The Midnight Library

Updated: Sep 15


I was skeptical about the direction this book was headed after reading the first few chapters. It felt like a glorified version of "It's a Wonderful Life" in literary form. The fact that it takes place in a town named Bedford only reinforced my preconceived (and misinformed) notions. I'll admit that my prior experience with Mr. Haig was less than exceptional, for my reading style at least.


This novel, however, morphed into something so much deeper and thought-provoking than the story it shared on the surface. I jotted down a variety of different quotes sprinkled throughout the pages that I can see serving as a daily mantra for a meaningful, and ironically, wonderful life.


"What sometimes feels like a trap is actually a trick of the mind."


As I followed along with each of Nora's experiential lives, the transition back and forth through the purgatory of a midnight library provided a figurative breath to inhale and feel the various puzzle pieces coming together, slowly forming into something cohesive.


"You are forgetting who you are. In becoming everyone, you are becoming no one."


We all long for something more. More glamorous. More rewarding. More exciting. More satisfying. More, more, more. Perhaps it's a natural byproduct of human nature, but the way Mr. Haig shares Nora's story, we begin to appreciate how less is more. Or maybe more accurately, how focusing on who we are and living to be the truest version of ourselves provides all the joy, sorrow, satisfaction, regret, and growth that we both desire and need to fully appreciate life.


"She realized that you could be as honest as possible in life, but people only see the truth if it is close enough to their reality."


We spend so much time, sometimes inadvertently, charting our course such that we align our expectations with those of others. It often takes time (and too much of it) to realize how unhealthy that is for us as individuals looking to find our way. The deep philosophical thoughts shared between Nora, Mrs. Elm, and the various characters she meets along the way helps me to recognize the honest truth about pursuing what's truly important to us, not what others think will bestow happiness upon us.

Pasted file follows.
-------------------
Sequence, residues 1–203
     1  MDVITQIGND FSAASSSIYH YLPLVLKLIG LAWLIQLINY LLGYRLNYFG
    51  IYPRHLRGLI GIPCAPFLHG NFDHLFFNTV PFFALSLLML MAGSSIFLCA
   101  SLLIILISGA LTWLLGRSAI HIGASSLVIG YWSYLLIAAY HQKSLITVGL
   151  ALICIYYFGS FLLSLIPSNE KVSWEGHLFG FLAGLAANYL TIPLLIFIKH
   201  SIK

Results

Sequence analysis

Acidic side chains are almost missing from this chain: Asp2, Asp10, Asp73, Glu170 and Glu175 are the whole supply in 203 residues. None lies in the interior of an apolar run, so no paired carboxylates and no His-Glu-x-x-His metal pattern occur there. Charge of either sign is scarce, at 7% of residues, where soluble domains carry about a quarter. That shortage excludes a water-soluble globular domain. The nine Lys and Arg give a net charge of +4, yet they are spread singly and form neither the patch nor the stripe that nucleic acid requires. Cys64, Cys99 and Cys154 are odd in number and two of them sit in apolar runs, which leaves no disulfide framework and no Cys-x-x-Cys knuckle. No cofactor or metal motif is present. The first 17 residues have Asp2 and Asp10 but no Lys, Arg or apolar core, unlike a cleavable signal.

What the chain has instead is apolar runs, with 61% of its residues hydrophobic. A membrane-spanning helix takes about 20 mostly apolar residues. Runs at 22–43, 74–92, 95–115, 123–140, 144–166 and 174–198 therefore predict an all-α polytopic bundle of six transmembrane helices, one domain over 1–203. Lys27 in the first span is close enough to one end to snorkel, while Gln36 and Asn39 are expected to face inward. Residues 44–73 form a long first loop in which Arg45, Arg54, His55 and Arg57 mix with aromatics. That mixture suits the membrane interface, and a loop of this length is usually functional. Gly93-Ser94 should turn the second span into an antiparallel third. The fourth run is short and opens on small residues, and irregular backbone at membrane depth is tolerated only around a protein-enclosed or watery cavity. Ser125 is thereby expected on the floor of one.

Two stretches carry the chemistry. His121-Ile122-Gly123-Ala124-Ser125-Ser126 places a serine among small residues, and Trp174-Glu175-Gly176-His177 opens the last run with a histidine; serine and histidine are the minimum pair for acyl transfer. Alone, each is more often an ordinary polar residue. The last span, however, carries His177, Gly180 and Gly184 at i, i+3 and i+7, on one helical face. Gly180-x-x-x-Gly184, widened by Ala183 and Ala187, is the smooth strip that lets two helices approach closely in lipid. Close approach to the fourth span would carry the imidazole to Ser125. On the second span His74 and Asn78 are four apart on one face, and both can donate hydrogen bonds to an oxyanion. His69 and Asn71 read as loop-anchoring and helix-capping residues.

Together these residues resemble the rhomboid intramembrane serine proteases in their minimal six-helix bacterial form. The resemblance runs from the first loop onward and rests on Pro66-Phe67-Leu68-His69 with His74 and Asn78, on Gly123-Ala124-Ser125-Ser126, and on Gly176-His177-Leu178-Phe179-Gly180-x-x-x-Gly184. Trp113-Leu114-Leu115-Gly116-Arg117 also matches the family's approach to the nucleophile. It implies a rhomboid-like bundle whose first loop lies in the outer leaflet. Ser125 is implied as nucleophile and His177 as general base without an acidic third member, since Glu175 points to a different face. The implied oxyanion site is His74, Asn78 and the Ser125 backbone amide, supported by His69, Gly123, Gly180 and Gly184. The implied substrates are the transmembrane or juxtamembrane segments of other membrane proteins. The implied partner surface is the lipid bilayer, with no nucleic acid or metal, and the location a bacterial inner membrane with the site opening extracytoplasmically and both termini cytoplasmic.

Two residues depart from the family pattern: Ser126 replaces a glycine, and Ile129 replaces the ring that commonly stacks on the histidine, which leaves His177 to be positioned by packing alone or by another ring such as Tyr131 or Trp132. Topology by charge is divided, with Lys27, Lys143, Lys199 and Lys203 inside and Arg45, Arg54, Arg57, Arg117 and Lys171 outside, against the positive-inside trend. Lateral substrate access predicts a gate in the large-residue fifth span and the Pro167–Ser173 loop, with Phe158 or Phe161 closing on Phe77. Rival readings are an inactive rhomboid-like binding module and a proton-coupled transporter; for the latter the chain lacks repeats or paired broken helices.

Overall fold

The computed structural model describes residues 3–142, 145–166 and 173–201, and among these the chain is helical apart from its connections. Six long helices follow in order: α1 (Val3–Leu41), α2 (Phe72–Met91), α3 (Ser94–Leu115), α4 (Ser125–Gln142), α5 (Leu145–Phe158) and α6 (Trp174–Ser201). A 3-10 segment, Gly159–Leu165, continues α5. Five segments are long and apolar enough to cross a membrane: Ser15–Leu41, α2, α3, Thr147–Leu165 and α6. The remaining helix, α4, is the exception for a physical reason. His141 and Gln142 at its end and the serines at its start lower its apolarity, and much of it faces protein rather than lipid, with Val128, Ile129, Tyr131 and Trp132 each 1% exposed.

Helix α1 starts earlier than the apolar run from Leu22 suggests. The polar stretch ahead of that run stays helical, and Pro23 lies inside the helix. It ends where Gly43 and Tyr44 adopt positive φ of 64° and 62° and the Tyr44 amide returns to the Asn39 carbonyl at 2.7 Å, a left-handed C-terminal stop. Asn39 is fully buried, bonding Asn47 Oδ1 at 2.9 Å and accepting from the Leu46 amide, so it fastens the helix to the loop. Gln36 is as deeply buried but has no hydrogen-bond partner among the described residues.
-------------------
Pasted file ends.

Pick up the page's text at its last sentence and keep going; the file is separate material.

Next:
"It was interesting, she mused to herself, how life sometimes simply gave you a whole new perspective by waiting around long enough for you to see it."


I remember being asked as a young boy: if you could become any animal, what would it be? My answer as a child, and even now as an adult, is the same. A bird. They provide an opportunity to see things from a new perspective. This book supplies that fresh view through the eyes of another human being who experiences an infinite number of possibilities that the mind-bending concept of parallel universes provides for us.


Do we all have the power to live multiple lives across parallel universes at the same time? Who am I to discount the scientific possibilities of quantum mechanics, string theory, and multiverse scenarios?


"You don’t have to understand life. You just have to live it."


And at the end of it all, therein lies the greatest truth. As someone who tends to dive deep into analyzing thoughts, phrases, and emotions, it's this simple but profound truth that sums up this novel through the complex and deep journey Nora Seed travels upon over the course of 300 pages.


I'll never look at midnight the same again, nor will I overlook the gracious opportunity each one presents to us as a chance to start anew.


Dave’s Rating: ☕️☕️☕️☕️

 

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